Now we have agreement to proceed it is all hands to the pump to make the most of the Summer and progress the project as fast as possible.
We have started the fish pass feasibility studies by contracting Mike and Matt Beech who you can see in the following photos taking levels and measurements on one of the structures we hope can have passes added in the future. These will allow eels and other fish to freely pass upstream and downstream should they wish to at different times of year. The initial work involves not just taking the measurements but a whole host of complicated calculations to work out just the right gradients and flows to allow fish passage and of course ensure the passes when eventually constructed can function at most rates of flow likely to be experienced in our topsy turvy climate.
We are also close to completing the arrangements for surveys to record native crayfish populations , invertebrates, and the species of plants and fish present as these will be essential to add to existing records and as a baseline to measure the effectiveness of any work we undertake. The work to assess the native crayfish populations is being carried out by the South West Crayfish Project and will be critical to our planning and in deciding what works can ultimately be carried out .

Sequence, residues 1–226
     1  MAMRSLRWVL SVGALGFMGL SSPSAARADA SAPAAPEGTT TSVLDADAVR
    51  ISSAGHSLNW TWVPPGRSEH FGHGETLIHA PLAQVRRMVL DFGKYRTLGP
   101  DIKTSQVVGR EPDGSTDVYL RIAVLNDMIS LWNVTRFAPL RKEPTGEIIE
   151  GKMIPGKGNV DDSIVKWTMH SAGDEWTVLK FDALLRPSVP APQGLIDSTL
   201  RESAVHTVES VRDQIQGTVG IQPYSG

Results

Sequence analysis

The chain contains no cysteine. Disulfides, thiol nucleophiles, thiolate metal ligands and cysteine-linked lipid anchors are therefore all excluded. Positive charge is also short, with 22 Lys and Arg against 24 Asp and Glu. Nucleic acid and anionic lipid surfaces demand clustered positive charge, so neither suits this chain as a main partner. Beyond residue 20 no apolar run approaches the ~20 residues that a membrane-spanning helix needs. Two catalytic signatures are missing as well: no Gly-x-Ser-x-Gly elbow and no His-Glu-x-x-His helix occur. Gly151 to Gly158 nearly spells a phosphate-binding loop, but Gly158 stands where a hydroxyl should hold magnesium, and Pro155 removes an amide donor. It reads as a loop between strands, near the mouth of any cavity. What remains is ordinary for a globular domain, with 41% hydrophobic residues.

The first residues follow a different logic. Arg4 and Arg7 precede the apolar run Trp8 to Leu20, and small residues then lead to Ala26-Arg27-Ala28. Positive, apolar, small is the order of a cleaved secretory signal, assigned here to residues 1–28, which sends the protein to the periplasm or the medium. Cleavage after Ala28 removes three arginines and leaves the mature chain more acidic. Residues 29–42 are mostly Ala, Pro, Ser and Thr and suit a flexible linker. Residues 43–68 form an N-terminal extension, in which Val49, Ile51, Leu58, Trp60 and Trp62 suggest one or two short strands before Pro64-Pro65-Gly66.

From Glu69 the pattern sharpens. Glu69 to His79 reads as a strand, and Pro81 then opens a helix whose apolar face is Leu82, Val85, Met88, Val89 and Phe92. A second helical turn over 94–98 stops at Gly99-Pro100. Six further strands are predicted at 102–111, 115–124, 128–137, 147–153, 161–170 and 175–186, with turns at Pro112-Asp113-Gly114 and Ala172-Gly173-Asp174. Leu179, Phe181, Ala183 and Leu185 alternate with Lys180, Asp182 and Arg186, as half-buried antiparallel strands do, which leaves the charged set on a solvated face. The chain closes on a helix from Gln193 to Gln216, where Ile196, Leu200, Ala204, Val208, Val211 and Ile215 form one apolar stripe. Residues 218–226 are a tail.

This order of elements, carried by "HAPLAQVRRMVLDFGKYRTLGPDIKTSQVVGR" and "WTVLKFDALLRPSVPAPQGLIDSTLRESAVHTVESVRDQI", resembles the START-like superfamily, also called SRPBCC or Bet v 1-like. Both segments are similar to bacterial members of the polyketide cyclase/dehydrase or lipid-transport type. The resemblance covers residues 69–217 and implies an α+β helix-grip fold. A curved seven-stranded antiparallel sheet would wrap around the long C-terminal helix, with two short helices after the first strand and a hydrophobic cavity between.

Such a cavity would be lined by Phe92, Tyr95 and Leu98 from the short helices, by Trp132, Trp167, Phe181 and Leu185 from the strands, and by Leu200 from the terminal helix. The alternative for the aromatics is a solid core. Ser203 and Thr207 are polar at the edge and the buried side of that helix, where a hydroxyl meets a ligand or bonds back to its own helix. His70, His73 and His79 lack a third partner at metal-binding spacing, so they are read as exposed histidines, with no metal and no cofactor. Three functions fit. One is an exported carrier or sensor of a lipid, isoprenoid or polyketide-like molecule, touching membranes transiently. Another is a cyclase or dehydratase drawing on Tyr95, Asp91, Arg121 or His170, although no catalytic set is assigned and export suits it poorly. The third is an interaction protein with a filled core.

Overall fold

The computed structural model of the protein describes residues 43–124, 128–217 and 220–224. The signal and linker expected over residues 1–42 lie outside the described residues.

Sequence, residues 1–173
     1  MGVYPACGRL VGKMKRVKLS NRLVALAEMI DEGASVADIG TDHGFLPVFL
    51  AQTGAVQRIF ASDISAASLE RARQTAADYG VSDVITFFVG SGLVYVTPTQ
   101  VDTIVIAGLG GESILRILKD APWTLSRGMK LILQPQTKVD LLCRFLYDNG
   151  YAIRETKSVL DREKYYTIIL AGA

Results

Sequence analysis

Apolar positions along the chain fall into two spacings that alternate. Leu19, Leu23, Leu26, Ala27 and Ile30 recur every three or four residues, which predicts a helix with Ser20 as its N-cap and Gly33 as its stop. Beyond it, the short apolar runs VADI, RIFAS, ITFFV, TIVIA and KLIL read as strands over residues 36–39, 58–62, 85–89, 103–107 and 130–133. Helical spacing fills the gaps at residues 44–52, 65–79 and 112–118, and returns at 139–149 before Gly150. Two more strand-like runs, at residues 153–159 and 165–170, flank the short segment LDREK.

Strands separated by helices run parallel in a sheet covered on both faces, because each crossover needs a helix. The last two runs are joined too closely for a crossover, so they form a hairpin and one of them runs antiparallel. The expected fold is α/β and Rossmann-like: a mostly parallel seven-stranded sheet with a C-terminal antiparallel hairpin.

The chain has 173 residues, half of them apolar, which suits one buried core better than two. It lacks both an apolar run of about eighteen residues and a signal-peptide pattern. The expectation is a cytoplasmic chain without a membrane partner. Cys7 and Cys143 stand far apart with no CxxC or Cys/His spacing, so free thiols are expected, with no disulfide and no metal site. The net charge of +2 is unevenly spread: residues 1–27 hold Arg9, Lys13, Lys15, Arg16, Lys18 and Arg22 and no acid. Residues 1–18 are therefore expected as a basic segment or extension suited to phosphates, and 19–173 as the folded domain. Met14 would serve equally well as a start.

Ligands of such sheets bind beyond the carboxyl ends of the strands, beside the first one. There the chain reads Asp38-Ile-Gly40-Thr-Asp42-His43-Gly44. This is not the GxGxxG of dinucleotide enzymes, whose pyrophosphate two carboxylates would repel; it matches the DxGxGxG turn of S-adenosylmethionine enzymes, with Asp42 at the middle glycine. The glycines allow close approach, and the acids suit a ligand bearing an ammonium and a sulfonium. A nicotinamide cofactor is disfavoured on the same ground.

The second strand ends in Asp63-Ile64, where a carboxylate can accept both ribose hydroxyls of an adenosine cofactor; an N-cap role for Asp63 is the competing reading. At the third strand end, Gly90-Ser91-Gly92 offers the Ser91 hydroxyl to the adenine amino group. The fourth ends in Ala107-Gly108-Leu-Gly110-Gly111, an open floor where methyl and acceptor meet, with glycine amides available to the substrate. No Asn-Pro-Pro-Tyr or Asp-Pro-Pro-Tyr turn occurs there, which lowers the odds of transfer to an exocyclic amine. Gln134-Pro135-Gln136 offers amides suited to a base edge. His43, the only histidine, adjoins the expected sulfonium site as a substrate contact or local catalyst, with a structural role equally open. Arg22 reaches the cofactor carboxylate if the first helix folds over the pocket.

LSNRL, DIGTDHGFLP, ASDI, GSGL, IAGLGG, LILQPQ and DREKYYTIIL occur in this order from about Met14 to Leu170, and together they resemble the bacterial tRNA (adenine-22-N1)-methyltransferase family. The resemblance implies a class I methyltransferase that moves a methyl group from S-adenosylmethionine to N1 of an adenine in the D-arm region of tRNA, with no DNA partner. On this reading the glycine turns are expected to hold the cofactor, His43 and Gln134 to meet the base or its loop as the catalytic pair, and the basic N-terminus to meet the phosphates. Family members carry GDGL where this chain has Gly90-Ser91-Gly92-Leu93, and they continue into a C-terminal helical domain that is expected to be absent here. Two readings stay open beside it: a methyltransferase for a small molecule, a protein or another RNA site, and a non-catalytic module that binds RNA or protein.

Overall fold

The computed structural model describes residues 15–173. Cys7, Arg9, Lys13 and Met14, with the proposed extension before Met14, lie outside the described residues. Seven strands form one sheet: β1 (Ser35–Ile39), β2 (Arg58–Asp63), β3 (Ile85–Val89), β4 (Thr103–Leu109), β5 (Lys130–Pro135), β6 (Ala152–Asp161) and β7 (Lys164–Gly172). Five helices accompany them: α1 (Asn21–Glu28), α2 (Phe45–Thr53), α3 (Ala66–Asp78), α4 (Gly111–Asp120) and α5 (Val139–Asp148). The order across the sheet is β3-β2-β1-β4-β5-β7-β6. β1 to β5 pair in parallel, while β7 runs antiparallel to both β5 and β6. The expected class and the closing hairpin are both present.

Many miles have been covered and photographs taken along the Brook and we are quite close now to being able to decide what areas we can tackle to improve habitat and protect the river. These decisions will be made with landowners and local fishing associations to ensure that the best possible outcome is achieved and protected into the future. We are also collecting very useful information to inform any future work which might be needed as this project is only a start towards what is required to restore this pretty brook.